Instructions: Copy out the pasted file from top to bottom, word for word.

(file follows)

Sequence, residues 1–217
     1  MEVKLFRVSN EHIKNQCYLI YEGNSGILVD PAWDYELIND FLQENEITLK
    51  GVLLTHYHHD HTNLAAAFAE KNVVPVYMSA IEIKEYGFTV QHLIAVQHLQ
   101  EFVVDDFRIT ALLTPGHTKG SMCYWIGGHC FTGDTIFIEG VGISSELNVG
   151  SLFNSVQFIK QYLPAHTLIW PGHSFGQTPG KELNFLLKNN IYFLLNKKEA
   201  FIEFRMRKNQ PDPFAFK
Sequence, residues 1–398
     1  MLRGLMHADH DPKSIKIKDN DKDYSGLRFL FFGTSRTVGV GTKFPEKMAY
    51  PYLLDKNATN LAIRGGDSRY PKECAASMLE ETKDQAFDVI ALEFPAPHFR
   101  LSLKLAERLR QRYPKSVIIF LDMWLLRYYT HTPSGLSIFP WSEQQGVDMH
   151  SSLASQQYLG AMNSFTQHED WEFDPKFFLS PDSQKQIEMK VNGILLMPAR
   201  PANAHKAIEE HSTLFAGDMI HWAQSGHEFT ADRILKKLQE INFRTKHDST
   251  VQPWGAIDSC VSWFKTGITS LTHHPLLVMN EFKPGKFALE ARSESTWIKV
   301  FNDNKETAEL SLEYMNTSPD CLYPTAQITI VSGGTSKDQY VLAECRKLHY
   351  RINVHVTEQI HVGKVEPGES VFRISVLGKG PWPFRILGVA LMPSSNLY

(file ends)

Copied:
Sequence, residues 1–217
     1  MEVKLFRVSN EHIKNQCYLI YEGNSGILVD PAWDYELIND FLQENEITLK
    51  GVLLTHYHHD HTNLAAAFAE KNVVPVYMSA IEIKEYGFTV QHLIAVQHLQ
   101  EFVVDDFRIT ALLTPGHTKG SMCYWIGGHC FTGDTIFIEG VGISSELNVG
   151  SLFNSVQFIK QYLPAHTLIW PGHSFGQTPG KELNFLLKNN IYFLLNKKEA
   201  FIEFRMRKNQ PDPFAFK
Sequence, residues 1–398
     1  MLRGLMHADH DPKSIKIKDN DKDYSGLRFL FFGTSRTVGV GTKFPEKMAY
    51  PYLLDKNATN LAIRGGDSRY PKECAASMLE ETKDQAFDVI ALEFPAPHFR
   101  LSLKLAERLR QRYPKSVIIF LDMWLLRYYT HTPSGLSIFP WSEQQGVDMH
   151  SSLASQQYLG AMNSFTQHED WEFDPKFFLS PDSQKQIEMK VNGILLMPAR
   201  PANAHKAIEE HSTLFAGDMI HWAQSGHEFT ADRILKKLQE INFRTKHDST
   251  VQPWGAIDSC VSWFKTGITS LTHHPLLVMN EFKPGKFALE ARSESTWIKV
   301  FNDNKETAEL SLEYMNTSPD CLYPTAQITI VSGGTSKDQY VLAECRKLHY
   351  RINVHVTEQI HVGKVEPGES VFRISVLGKG PWPFRILGVA LMPSSNLY